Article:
Commissioners request that city buy smaller trash trucks

By Dedra Cordle
Staff Writer

The Greater Hilltop Area Commission has submitted an unusual request for the city council to consider as they prepare to finalize their capital improvements budget and the capital improvements plan: invest funds that go toward the purchase of old trucks.

For the past several weeks, the advisory board has been soliciting feedback from the public on which capital improvements they would like to see in the area. Among the highest of priorities for the commission and the community at large was addressing the trash-filled alleys that have been plaguing the westside for decades.

The commission said at its meeting on April 4 that they would like for the city to consider the purchase of older or smaller trucks that are able to fit into the alleys to collect litter and other found furnishings as they did in the past.

According to commissioner Josh Maddox, the city has informed the advisory board that they would no longer be able to pick up trash in the alleys as the new trucks they purchased are too large for the narrow stretch of roadway. He said because there has been an increase in the trash found within the alleys since the decision was made, the only real choice they had was to ask the city to use capital improvement dollars to buy smaller trucks that can.

He said that while he is not confident they will do so, he added that it is something that needed to be requested.

Commissioner James White agreed.

“We want the right trucks to pick up trash in our communities’ alleys because that is what our community needs,” he said.

Several city officials who were in the audience questioned whether this would be considered an operational expense rather than a capital expense. The commission said it could be both since the city would have to pay drivers to pick up the trash but noted that the request to purchase smaller trucks could be viewed more on the capital side of the budget.

Olabisi Eddy, the city’s westside neighborhood liaison, said there are a number of initiatives the city is taking to address the litter problem, such as moving to 90-gallon collection bins.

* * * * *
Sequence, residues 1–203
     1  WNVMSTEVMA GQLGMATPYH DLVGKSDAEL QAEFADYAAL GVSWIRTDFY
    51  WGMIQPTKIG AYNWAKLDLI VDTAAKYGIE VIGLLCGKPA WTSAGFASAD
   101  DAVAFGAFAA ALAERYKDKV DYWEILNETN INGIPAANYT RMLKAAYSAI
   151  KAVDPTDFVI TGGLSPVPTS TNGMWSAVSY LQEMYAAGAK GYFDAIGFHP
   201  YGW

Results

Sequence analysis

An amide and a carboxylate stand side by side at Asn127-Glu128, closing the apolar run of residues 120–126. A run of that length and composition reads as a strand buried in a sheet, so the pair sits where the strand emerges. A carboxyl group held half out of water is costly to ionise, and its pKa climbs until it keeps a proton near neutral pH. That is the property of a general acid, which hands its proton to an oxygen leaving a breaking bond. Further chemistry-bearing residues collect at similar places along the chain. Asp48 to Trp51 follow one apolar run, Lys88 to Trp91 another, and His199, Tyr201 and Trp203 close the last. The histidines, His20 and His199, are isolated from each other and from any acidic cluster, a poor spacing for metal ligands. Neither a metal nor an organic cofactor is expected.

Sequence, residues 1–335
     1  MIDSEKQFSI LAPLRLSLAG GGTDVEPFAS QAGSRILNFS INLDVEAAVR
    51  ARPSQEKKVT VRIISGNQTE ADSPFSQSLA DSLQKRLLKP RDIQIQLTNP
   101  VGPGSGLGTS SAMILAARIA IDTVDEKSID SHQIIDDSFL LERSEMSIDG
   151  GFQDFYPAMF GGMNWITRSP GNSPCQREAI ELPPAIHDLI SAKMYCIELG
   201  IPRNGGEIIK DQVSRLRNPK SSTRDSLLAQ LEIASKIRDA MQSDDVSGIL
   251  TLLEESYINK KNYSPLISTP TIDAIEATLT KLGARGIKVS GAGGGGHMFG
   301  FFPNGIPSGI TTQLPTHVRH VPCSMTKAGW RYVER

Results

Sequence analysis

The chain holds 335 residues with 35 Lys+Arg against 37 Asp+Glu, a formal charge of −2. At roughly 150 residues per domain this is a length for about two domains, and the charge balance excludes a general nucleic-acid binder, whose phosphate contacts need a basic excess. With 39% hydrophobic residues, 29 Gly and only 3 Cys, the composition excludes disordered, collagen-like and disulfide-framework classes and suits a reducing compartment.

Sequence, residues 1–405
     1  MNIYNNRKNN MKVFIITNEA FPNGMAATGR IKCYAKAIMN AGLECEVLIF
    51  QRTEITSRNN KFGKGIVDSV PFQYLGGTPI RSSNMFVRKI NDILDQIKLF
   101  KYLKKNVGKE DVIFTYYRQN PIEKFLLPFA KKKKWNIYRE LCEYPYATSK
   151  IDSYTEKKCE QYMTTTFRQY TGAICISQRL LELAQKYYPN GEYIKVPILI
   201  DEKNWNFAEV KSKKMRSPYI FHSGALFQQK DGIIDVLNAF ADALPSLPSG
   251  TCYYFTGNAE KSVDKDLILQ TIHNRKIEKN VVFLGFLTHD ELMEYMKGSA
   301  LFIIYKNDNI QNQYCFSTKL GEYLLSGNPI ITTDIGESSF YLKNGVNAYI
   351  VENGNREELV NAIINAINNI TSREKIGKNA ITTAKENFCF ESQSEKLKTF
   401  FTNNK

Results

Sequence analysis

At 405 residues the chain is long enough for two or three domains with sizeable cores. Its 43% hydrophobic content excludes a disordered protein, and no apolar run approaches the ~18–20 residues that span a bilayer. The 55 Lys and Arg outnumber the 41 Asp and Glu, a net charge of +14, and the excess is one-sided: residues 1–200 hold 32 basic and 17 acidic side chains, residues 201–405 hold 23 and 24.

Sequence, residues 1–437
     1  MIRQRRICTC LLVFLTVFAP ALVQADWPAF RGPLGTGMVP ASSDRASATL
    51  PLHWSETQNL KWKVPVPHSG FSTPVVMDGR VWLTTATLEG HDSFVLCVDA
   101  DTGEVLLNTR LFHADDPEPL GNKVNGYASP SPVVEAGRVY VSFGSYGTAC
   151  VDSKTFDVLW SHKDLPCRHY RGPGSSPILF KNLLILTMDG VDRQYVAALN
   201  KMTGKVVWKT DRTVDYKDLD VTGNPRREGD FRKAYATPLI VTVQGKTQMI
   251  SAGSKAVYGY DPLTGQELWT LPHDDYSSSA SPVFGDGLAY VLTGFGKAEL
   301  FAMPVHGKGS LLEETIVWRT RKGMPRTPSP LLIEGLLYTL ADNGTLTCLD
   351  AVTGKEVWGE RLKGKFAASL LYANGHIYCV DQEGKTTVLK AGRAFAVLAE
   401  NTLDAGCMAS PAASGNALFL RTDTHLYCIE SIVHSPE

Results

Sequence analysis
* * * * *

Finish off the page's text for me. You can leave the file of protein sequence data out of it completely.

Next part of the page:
Commissioner Leah Brudno said that is a start but it is not enough.

“We’ve been yelling at them (about this issue) for many years,” she said. “We want them to pick up the damn trash in the alleys.”

Brudno added that she would also like to see the alleys fortified so they experience less wear and tear if and when collection trucks venture down there again.

The other two priority items on the commission’s capital improvements list was alley repairs and the installation of additional alley lights in the central Hilltop region and the construction of a multi-purpose community facility in the Holly Hill/Georgian Heights/Eakin Elementary School area.

Columbus residents can also submit their own list of capital improvements they would like the city to consider for their neighborhood in future budgets. A link to the form can be found on the Greater Hilltop Area Commission’s Facebook page.

In other news:

Derrick Hessler, the community relations coordinator with Rise Up CBUS!, invited the public to attend the dozen Rise Up CBUS! events that will be taking place throughout the remainder of the year. There are four events scheduled on the westside: April 27 at the Dodge Community Center, 667 Sullivant Ave.; July 13 at Columbia Heights Church, 775 Galloway Road.; Aug. 24 at the Central Baptist Church, 1955 Frank Road.; Sept. 28 at Wedgewood Middle School, 3800 Briggs Road.

All of the events are scheduled to take place from 4:30 p.m. to 7:30 p.m.
For a complete list of locations, visit the city’s Rise Up CBUS! website at!

At 12:30 p.m. on April 29, commissioner Jennie Keplar will be hosting a “Context Training” presentation at the Columbus Metropolitan Library: Hilltop Branch, 511 S. Hague Ave. that goes over topics such as the history of the Hilltop and the history of the area commission and its purpose.

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  1. I agree with everything proposed/or suggested. It’s deplorable how the city generates the notion of the allies not being a part of the city. Allies need to be put in the same language as streets. secondly; I’m still upset at the money provided for the Westside school rec centers that were built only to be used by students meaning nothing was put inside the center for community activities. This area is full of children with nowhere to go for activities, even as simple as basketball, limited inside courts. the city creates its problems by trying to ignore areas it deems lost. Then they want to point fingers at parents who most work but their children have nowhere to go for sanctions/or safety. STOP! catering to the areas, not in need and start bringing back areas that were stable until you felt the area was unfounded due to different lifestyles and hue. Keep running until you come to the end of the cliff…..


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